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SeaWorld To Announce Major Overhaul Of Its Treatment Of Orcas

The Huffington Post The Huffington Post 17/03/2016 Kate Sheppard
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SeaWorld, together with the Humane Society of the United States, is expected to announce a landmark agreement Thursday drastically altering practices at its theme parks, which have come under increased scrutiny for their treatment of animals.

The company is expected to announce that it will end orca breeding, according to a source familiar with the negotiations. The animals currently in captivity at the parks will live out the remainder of their lives there.

SeaWorld is also expected to announce an end to theatrical shows at its parks in San Diego, San Antonio and Orlando, Florida, instead focusing on educational programs as well as animal rescue and restoration work.

The agreement, which SeaWorld CEO Joel Manby and Humane Society President Wayne Pacelle are expected to announce Thursday, would fundamentally change SeaWorld's business model.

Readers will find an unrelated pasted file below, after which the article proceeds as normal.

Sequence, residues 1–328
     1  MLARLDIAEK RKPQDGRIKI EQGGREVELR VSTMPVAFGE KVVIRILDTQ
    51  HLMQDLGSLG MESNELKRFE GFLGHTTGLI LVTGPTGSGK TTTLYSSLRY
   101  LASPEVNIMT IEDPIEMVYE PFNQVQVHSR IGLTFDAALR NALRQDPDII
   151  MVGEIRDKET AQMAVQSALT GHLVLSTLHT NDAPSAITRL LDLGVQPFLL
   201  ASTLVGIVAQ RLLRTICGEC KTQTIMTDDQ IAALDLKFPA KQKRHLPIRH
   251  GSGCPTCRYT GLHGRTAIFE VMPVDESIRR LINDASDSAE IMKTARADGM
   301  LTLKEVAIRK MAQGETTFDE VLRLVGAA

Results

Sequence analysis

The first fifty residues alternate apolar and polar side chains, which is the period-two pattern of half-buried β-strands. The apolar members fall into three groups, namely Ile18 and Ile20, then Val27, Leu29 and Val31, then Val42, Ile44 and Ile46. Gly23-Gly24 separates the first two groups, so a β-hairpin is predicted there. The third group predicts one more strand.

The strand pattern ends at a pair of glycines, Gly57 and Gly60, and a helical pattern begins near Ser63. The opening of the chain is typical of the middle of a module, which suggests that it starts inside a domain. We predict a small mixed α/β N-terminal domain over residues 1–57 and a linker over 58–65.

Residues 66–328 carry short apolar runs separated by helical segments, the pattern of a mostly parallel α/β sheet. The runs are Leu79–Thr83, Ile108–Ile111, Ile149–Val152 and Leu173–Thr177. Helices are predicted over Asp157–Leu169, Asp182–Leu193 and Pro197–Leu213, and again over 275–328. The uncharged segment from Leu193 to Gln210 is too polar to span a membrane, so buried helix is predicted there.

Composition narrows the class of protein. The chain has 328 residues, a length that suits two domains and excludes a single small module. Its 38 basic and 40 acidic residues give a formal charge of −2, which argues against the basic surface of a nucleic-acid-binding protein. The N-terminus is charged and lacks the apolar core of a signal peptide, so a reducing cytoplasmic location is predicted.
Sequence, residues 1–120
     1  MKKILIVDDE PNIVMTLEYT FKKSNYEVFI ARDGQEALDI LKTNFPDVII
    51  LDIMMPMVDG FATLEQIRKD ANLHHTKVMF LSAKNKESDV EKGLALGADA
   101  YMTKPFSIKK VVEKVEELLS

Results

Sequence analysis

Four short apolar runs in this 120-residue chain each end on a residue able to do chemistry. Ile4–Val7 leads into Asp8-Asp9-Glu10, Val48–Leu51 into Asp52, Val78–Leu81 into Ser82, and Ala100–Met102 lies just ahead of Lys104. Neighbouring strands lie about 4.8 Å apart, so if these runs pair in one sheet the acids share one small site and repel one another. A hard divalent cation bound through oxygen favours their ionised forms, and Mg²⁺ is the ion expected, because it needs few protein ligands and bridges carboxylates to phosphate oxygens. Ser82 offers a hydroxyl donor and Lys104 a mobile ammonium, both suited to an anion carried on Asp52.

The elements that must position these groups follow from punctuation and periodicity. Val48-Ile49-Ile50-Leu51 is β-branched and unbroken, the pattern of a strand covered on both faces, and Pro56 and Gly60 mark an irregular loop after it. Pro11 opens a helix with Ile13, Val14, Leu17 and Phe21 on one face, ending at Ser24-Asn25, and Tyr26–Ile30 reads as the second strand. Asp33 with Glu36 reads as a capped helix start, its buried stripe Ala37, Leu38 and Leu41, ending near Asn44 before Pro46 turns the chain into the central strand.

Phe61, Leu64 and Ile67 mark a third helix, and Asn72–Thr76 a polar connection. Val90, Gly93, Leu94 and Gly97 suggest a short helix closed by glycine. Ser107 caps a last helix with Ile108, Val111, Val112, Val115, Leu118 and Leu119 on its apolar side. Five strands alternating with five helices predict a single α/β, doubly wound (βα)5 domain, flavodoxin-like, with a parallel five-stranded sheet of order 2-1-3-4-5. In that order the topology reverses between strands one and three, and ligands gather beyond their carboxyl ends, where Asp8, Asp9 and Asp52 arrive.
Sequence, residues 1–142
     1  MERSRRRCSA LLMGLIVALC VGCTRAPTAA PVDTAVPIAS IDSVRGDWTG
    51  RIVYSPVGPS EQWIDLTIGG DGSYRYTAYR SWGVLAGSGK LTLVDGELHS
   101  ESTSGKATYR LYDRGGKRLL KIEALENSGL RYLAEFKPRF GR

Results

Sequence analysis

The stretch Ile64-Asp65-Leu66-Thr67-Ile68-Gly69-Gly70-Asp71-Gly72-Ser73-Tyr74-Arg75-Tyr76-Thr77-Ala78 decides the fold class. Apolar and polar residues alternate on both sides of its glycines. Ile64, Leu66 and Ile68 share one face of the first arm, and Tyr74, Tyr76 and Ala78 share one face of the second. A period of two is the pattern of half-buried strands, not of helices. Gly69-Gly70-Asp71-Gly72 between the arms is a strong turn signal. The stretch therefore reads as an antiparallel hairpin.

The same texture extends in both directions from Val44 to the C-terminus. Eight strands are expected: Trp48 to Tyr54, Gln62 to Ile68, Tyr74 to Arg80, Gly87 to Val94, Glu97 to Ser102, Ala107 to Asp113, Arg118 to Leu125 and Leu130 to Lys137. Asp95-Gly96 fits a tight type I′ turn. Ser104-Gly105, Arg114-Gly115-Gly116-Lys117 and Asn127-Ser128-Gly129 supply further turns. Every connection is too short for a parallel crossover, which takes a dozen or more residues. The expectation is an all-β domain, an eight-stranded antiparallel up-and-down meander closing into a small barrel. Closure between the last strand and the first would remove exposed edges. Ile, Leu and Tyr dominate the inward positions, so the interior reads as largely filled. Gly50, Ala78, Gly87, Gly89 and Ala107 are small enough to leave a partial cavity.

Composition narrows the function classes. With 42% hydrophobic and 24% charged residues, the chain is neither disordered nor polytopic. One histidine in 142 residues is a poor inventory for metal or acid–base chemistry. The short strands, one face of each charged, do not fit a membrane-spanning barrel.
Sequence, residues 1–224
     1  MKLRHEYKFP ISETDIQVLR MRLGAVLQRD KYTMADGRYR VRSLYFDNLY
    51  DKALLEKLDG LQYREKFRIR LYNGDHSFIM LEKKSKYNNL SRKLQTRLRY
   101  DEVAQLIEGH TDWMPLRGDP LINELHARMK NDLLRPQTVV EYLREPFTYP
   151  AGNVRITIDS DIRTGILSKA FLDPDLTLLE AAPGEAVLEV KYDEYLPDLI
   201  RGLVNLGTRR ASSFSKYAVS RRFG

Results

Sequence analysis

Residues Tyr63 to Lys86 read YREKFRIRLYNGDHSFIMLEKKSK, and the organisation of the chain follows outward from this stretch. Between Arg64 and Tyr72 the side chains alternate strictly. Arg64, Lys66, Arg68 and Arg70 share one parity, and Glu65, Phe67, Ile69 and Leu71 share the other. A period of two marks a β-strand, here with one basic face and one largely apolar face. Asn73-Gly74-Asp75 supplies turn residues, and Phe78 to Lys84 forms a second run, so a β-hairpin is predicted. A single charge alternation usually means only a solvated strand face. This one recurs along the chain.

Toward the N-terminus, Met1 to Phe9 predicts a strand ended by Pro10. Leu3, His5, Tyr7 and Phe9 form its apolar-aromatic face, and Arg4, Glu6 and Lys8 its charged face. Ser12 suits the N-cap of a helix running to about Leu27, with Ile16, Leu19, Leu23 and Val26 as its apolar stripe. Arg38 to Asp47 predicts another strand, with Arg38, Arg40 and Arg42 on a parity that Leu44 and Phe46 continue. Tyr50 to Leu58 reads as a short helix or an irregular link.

Orcas, while often called "killer whales," are actually a species of dolphin. They are powerful and intelligent mammals, and can live for up to 50 or even 100 years in the wild.

SeaWorld has been under growing pressure to change its business model in recent years. In 2010, an orca named Tilikum fatally injured a trainer at the company's Orlando park while visitors looked on. That incident was explored in Death at SeaWorld, a 2012 book by Huffington Post blogger David Kirby that attributed the aggression of Tilikum and other orcas to their captivity. The 2013 documentary "Blackfish" also cast a critical eye on SeaWorld, reporting on Tilikum's treatment and raising the question of whether orcas should be confined in marine parks.

Animal rights groups have called on SeaWorld to free the orcas currently in captivity. While Thursday's agreement isn't expected to go that far, it would nevertheless represent a major shift for the 57-year-old company.

The company has made some previous attempts to change its practices. In November, SeaWorld committed to ending theatrical orca shows at its San Diego park by 2016 and said it will focus instead on educational presentations.

But the company has also shown a reluctance to change, suing the state of California last year over its restriction on breeding orcas in captivity. The company also admitted last month that it had sent employees to infiltrate animal rights groups critical of SeaWorld's practices.

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